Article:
Racism

Iago frequently fixates on Othello’s colour but it’s not clear if Iago himself is racist. He certainly uses the racist tendencies of other characters to turn them against Othello. For example, he creates vivid images of black on white (“an old black ram is tupping your white ewe” “you’ll have your daughter covered with a barbary horse“) to torture Brabantio, who is extremely racist. He knows Roderigo hates Othello for winning Desdemona’s heart and tries to convince Roderigo that she’ll soon tire of Othello “what delight shall she have to look on the devil?” using Othello’s skin colour as a signifier of his physical and moral ugliness. He repeats racist stereotypes “these Moors are changeable in their wills” “luscious as locusts” “an erring barbarian” and describes Othello as boastful, arrogant and lacking in manners. However, let us not forget that Iago is NEVER racist when he is alone on stage. He uses racism to turn people against Othello but confides in us the audience that Othello is of a “constant, loving, noble nature“, so it’s likely that his racism is a means to an end rather than a genuine reflection of prejudice.

Sadism / Personality Disorder

There is absolutely no question about it – Iago is a sadist. For some people, debating why Iago did what he did is a waste of time, effort and energy. He’s a sick puppy. He delights in the misery of others. He commits evil deeds because he’s evil – not cause he’s jealous or power hungry or racist but because he’s evil. In fact, he’s quite possibly a sociopath  – this article on 10 ways to spot a sociopath ticks a lot of boxes in terms of Iago’s behaviour.

I’ll copy and paste a section below from my post on Iago’s flaws and virtues for detailed evidence that he’s a sadist and is completely lacking a normal moral conscience. Perhaps the key to his motivation lies here.

[Amoral sadist: Iago delights in the suffering of others. Of Brabantio he says “rouse him, make after him, poison his delight…plague him with flies“. Of Othello he says “if thou canst cuckold him, thou dost thyself a pleasure, me a sport“. He gets a sick thrill at the thought of using people’s virtues against them, commenting of Othello “the Moor is of a free and open nature and will as tenderly be led by the nose as asses are“. He relishes the thought of using Cassio’s good looks and courteous manner against him, thus destroying both his reputation and Othello’s marriage “with as little a web as this will I ensnare as great a fly as Cassio“. Even though he has no reason to dislike or hurt Desdemona, he is excited by the prospect of destroying someone so pure of heart “so will I turn her virtue into pitch and out of her own goodness make the net that shall enmesh them all“. He freely admits that his plan is evil and twisted proclaiming “hell and night must bring this monstrous birth to the world’s light” and the thought of wrecking the happiness of those who he feels have wronged him (Othello & Cassio) fills him with glee “oh you are well tuned now, but I’ll set down the pegs that make this music“. When Othello decides to kill Desdemona for her ‘betrayal’, Iago relishes being the one to choose the method of execution “do it not with poison, strangle her in her bed, even the bed she hath contaminated“. He revels in the power and control he now exerts over his boss. He never loses his thirst for inflicting pain on others, commenting snidely when he sees Bianca with the handkerchief “see how he prizes the foolish woman your wife! she gave it him and he hath given it his whore“. He enjoys twisting the knife in further and observing Othello’s torment. The thought that both Roderigo and Cassio may die fills him with satisfaction and when the plan backfires he wounds Cassio and kills Roderigo without the slightest hesitation. Nor does he feel any guilt about casting suspicion on poor Bianca, whom he claims is angry with Cassio for having jilted her].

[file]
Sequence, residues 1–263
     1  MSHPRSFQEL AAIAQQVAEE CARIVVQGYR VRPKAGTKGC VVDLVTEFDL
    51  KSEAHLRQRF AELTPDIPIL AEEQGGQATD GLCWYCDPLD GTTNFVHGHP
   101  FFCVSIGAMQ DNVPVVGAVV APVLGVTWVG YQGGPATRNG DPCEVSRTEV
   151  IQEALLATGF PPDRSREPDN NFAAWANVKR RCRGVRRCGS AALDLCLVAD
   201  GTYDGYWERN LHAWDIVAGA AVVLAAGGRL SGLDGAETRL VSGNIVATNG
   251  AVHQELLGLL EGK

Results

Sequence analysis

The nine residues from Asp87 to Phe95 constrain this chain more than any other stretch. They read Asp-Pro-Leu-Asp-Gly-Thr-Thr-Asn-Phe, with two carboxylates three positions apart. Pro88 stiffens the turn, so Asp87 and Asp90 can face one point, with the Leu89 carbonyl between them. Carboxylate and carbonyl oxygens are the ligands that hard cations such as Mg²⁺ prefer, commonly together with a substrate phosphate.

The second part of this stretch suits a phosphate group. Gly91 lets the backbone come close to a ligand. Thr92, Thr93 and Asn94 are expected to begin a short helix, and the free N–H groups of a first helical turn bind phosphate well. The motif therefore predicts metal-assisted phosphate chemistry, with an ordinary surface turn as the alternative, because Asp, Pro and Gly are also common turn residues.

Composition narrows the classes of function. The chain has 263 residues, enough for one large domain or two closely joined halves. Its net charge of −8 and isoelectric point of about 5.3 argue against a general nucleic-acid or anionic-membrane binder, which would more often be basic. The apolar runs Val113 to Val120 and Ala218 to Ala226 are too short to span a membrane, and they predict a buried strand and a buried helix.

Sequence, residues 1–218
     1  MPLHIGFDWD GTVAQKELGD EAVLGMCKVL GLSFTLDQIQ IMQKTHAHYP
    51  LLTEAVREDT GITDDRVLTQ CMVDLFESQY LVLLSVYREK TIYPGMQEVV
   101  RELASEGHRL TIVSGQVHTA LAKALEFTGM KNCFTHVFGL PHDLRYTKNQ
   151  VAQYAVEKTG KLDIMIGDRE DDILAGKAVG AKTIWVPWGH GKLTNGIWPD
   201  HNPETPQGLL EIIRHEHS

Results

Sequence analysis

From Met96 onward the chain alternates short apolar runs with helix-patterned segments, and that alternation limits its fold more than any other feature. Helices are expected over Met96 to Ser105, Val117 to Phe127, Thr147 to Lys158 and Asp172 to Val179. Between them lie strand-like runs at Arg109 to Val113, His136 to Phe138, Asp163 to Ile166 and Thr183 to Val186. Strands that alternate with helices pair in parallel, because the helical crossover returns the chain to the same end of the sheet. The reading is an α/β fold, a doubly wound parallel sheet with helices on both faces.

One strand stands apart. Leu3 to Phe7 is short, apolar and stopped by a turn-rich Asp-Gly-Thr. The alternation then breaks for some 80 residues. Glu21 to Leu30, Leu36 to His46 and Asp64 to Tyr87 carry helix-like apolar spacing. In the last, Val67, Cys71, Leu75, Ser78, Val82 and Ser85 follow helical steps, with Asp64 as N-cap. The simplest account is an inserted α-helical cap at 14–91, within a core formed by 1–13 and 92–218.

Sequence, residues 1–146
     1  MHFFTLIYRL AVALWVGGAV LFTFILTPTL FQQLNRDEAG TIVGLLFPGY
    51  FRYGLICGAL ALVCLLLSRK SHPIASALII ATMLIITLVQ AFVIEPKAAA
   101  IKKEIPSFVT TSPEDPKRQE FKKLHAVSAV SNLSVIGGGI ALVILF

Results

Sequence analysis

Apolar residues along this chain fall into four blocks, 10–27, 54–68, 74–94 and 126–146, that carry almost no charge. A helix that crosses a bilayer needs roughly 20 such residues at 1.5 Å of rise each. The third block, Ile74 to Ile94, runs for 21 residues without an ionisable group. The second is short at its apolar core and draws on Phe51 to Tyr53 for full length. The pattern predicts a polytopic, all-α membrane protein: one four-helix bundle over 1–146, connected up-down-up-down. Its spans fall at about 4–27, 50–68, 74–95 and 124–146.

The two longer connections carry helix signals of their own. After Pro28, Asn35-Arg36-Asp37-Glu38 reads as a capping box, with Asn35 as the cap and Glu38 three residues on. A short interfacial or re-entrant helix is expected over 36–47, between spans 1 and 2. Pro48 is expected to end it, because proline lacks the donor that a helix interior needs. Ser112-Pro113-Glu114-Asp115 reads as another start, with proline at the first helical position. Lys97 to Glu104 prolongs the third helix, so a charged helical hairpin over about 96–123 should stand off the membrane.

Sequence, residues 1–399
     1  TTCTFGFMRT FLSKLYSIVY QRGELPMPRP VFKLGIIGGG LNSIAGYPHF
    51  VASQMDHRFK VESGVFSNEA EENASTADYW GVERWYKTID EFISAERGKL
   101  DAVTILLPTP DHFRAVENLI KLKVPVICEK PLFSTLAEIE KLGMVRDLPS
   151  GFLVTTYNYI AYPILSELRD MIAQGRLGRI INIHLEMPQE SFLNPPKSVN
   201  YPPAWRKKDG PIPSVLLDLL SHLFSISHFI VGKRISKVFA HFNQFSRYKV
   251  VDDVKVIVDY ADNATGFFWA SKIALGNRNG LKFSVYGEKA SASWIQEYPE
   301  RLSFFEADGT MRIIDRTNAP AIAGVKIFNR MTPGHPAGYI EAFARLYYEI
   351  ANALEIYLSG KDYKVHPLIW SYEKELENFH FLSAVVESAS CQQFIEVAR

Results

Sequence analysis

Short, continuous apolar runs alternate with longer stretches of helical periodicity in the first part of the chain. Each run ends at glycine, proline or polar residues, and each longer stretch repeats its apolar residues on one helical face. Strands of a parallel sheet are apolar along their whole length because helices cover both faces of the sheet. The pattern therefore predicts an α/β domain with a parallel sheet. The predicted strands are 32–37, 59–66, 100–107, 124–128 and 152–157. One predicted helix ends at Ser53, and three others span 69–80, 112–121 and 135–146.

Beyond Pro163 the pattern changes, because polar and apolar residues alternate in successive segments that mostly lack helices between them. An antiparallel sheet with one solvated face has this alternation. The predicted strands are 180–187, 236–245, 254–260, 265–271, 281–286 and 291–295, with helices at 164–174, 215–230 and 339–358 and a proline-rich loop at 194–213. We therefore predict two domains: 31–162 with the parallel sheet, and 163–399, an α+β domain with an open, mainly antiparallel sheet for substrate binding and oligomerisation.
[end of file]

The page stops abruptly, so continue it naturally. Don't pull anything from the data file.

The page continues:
Frustrated love: 

We’ve debated in class the fact that Iago is completely obsessed with Othello and examined possible explanations for this obsession. My students aren’t the first to point out that perhaps Iago has a man crush on Othello. After all, he does put quite a bit of effort into picturing Othello and Desdemona having sex… and each of the images he presents to Brabantio involve Othello behind rather than on top of his lover… and Iago does vividly describe Cassio kissing him and laying his leg across his thigh… why doesn’t he push him away? Of course, none of this really happened, but then it does beg the question what does Iago spend his time imagining? and why?… he is unhappily married but envies those who are happy in their relationships… perhaps he’s a repressed homosexual?

Personally, I think this is pulling the very thin ‘evidence’ so taut it simply tears apart. It makes more sense to me that Iago is a sociopath, rather than a closet gay who’s in love with Othello. After all, if he really cared about Othello, he wouldn’t destroy him. Well… unless he was uncomfortable with his own sexuality and destroying the object of his affection was his way of destroying the evidence of his own gayness. I dunno. Sounds like a bit of a stretch to me!

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2 Responses to Iago’s motivation

  1. John Smith says:

    very good, I like this. I am writing a paper on Iago’s character and this helps a lot. Much thanks

  2. VideoPortal says:

    For the joke to work, you have to specify a “Method” actor, an immediately identifiable reference to the Stanislavski Method, which is supposed to be based on motivation. In fact, it is not; Stanislavski’s key Russian term